February 15, 2024

Learning and Development meets AI and Machine Learning

This is the third part of our "Learning and Development 2024" series. Here we look at corporate learning in relation to AI and machine learning.


In the third part of our "Learning and Development 2024" series, we look at corporate learning in relation to AI and machine learning. Our series looks at learning and development (L&D), self-directed learning, blended learning and learning development - in other words, the entire spectrum of a learning culture. We examine the opportunities and possibilities that the topic brings to address the skills shortage and skills gaps and the importance of employee engagement, employee wellbeing, corporate culture and employer branding.

Key AI/ML Skills and Roles for Corporates

Artificial intelligence and machine learning (ML) are accelerating business transformation, which is both good and challenging. To adapt to this change and utilise the new technologies effectively, companies unsurprisingly need talent with the right AI/ML skills. While there is no set pattern, certain skills and roles are particularly in demand.

Data science continues to be one of the most sought-after skills. Data scientists analyse large amounts of data, create ML models and derive insights from them. They need to be well versed in statistics, algorithms and programming languages such as Python and R. Deep learning engineering is another important task that focuses on the development of neural networks and models using frameworks such as TensorFlow.

Once AI solutions are deployed, IT programme managers must oversee the various phases from model creation to deployment and monitoring. They bridge the gap between data scientist and business user. UX designers continue to play an important role in designing user interfaces for AI/ML products and services, which must be intuitive for customers and employees.

As more and more decision-making processes are controlled by algorithms, the need for AI ethics experts is also increasing. They help formulate policies to address risks related to privacy, bias, security and more. As AI systems interact more and more with humans, human-computer interaction (HCI) skills will also be key.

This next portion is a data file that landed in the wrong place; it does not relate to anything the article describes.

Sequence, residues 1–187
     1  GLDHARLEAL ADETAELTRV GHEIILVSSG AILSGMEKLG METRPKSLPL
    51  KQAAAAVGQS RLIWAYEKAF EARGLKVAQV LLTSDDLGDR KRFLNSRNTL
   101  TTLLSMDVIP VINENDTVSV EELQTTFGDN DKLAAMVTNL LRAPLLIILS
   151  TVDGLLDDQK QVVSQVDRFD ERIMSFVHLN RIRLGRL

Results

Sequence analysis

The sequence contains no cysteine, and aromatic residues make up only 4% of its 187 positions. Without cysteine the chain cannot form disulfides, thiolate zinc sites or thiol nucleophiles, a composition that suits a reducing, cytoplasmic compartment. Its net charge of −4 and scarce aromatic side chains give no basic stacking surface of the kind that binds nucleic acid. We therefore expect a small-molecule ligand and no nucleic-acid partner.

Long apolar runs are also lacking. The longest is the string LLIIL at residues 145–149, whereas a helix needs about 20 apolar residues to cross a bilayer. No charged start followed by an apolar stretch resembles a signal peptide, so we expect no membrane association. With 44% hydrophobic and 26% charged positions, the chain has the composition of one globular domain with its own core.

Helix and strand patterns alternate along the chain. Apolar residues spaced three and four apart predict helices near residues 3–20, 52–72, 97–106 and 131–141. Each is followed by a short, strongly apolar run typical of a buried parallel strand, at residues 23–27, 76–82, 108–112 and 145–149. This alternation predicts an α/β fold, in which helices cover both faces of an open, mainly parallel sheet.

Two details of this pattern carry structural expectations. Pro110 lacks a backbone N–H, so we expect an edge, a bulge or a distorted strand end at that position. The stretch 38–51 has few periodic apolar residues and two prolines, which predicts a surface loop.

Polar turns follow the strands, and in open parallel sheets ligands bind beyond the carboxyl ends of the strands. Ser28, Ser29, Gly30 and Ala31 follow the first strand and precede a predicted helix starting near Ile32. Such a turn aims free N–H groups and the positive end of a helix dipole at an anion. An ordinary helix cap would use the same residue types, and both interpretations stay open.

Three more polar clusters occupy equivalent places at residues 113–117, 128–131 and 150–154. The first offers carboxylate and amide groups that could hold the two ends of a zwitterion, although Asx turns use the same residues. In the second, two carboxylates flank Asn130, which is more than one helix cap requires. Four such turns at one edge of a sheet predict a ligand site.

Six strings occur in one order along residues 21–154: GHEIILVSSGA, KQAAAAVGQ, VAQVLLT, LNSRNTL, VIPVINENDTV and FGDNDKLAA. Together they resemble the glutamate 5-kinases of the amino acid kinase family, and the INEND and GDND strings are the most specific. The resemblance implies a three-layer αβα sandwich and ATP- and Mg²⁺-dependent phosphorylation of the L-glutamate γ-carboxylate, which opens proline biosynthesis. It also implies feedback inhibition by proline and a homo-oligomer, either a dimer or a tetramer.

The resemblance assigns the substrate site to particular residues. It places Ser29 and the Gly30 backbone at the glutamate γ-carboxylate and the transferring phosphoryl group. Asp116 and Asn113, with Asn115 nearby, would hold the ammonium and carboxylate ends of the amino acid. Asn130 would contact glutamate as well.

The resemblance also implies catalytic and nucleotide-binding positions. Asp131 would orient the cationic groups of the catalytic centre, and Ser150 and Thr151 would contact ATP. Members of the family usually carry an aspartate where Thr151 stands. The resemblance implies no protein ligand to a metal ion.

To ensure companies can truly benefit from AI, there is an increasing focus on 'AI-enabled' jobs in AI assistance or AI marketing analysis, where AI tools can be seamlessly integrated into their work. Soft skills such as communication, collaboration and creativity remain central to all AI jobs of the future.

In the coming years, this mix of technical and operational skills will be essential for professionals and companies looking to compete with advanced technologies. Continuous adaptation will become the norm.

Internal Reskilling and Upskilling for AI Adoption

New AI/ML roles are emerging – companies therefore need strategies to close emerging skills gaps from within in order to avoid further exacerbating the skills shortage. This can be achieved through L&D in the form of advanced training for current employees. To do this, companies must first identify the occupational groups that will be affected by AI and the new skills requirements.

The training programmes should be tailored to the wishes, preferences or skills of the employees. Traditional learning methods give way to immersive bootcamps and hackathons to gain hands-on experience.

Competency frameworks that map skills at each step of the AI career ladder help to design learning journeys. Micro-courses and small modules spread over months are more effective than one-off events. Formats such as flipped classroom or inverted classroom combined with projects and mentoring ensure ownership.

Reskilling must be recognized as a long-term commitment rather than a one-off exercise. Support for experimentation and skill application in live projects keeps motivation high. Leading companies also promote internal job rotations and secondments to stay future-ready.

In addition, professionals in related, non-technical fields need to acquire basic skills by learning to converse with data scientists and use AI tools in limited use cases. A combined approach that includes technical, business and soft skills will ensure a future-proof workforce.

Internal talent pools can also be effectively converted to AI roles with the right strategies, saving costs while preserving institutional memory. Loss of expertise is a problem in German companies. Future-proofing knowledge management is integrated into the business model through internal training.

Evolving Role of L&D in AI/ML Learning Journeys